Green is insinuating that opposition to contraception is a Christian principle. Even more so when combined with opposition to abortion AND opposition to welfare, which I presume he also opposes.
Apparently, he expects women to keep their legs crossed, judging by his company officially being tasked to put stickers over the boobs of Botticelli Venus pix in catalogues. (Somebody should sue him over that.)
No, this isn't about "Christian principles," it's about the principles of one subset of Christians. Imagine if Southern Christians had trotted that out after Jan. 31, 1865.
"Nope, the Bible doesn't talk about getting rid of slavery, and we support it, so it's a Christian principle."
And therefore, contra Bill Keller, I feel no sympathy for Green's "moral dilemma."
Rather, I feel outrage at his attempt to impose moral diktats.
Besides, Obama doesn't let me opt out of paying taxes because I think his drone wars are morally wrong as well as unconstitutional.
Further proof that Green's Christian principles are selective is right here:
“If an employer can craft a benefits system around his religious beliefs, that’s a slippery slope,” said Marci Hamilton, a professor at the Benjamin N. Cardozo School of Law and a critic of religious exemptions. “Can you deny treatment of AIDS victims because your religion disapproves of homosexuals? What if your for-profit employer is a Jehovah’s Witness, who doesn’t believe in blood transfusions?”Not to note that giving in to him would be to open a whole bag of worms.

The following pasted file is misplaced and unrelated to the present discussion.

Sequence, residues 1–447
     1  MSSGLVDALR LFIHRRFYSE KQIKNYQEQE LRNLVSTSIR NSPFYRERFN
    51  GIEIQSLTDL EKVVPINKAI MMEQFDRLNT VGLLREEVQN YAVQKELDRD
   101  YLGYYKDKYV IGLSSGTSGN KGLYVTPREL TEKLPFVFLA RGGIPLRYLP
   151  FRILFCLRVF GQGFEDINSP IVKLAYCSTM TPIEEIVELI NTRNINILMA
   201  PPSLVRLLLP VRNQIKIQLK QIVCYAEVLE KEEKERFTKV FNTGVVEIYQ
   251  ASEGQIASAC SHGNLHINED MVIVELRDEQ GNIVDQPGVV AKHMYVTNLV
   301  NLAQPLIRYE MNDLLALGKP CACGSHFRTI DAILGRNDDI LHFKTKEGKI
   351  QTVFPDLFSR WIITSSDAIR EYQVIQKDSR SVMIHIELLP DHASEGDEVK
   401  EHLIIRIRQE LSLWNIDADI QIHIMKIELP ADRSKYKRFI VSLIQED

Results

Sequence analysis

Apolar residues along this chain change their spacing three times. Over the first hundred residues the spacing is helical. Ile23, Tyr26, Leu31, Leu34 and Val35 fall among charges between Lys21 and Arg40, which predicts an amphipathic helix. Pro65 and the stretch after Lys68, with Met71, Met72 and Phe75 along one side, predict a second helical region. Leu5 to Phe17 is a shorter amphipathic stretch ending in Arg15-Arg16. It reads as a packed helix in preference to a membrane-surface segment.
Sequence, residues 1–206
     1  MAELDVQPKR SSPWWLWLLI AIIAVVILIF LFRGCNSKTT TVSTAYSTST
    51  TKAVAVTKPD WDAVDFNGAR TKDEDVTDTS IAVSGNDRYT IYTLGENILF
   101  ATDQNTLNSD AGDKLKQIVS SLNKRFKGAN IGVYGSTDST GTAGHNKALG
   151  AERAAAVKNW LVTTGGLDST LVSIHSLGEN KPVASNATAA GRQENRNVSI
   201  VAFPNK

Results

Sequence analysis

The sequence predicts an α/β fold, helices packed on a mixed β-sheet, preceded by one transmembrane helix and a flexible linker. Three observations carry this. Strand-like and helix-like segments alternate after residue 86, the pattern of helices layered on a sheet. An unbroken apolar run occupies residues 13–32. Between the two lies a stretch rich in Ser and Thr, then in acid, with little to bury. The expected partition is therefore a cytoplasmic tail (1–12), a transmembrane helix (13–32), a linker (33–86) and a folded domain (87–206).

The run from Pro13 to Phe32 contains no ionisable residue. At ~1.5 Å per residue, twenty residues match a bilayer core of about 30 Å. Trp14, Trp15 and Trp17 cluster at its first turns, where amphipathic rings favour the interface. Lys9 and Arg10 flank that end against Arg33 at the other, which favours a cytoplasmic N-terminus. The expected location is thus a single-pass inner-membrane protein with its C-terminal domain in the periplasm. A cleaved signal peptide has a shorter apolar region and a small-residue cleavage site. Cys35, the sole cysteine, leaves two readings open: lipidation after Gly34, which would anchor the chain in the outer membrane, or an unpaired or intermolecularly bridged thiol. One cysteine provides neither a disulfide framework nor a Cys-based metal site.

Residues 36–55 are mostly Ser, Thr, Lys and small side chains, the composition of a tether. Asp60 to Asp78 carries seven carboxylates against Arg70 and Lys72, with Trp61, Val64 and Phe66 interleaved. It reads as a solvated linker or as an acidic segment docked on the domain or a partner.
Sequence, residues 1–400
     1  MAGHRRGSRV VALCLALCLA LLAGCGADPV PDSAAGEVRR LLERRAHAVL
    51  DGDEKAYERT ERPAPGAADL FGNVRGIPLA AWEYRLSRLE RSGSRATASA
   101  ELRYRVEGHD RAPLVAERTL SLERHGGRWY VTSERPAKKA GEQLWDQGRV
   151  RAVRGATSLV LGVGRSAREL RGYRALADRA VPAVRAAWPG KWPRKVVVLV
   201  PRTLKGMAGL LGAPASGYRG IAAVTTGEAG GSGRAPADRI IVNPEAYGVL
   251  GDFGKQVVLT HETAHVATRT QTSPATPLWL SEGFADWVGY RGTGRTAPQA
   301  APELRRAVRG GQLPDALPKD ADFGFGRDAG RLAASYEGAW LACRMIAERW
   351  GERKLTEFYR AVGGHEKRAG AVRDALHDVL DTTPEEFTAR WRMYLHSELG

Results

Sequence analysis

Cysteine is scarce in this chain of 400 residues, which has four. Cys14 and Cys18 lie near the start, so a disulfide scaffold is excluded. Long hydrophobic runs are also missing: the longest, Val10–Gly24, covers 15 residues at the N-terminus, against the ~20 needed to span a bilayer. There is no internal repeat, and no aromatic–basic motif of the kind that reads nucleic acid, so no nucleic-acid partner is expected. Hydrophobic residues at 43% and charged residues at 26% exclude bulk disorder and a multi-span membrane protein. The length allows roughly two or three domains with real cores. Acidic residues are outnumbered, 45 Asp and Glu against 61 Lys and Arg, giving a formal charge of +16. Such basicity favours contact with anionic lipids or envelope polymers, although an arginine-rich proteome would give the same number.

And, with that AIDS and gays angle ... yeah, surprised that one's not already been raised.
Given that there is no official "Christian principle" on contraception, for Obama to give in further would violate the First Amendment, rather than him holding his ground.
And, keep up the $1 million a day fines; if Green wants to bankrupt Hobby Lobby over his attempt to impose his minority Christian views on the country's health care needs, bankrupt him.
Of course, given that this is the stance of the man Dear Leader asked to deliver the invocation at his first inauguration:
But Laycock’s is a lonely voice among advocates of religious exemptions. More typical is Rick Warren, the evangelical megachurch pastor, who says the battle to preserve religious liberty “in all areas of life” may be “the civil rights movement of this decade.” Warren goes on to say — I am not making this up — that “Hobby Lobby’s courageous stand, in the face of enormous pressure and fines,” is the equivalent of the Birmingham bus boycott.Obama may cave like a cheap pack of cards.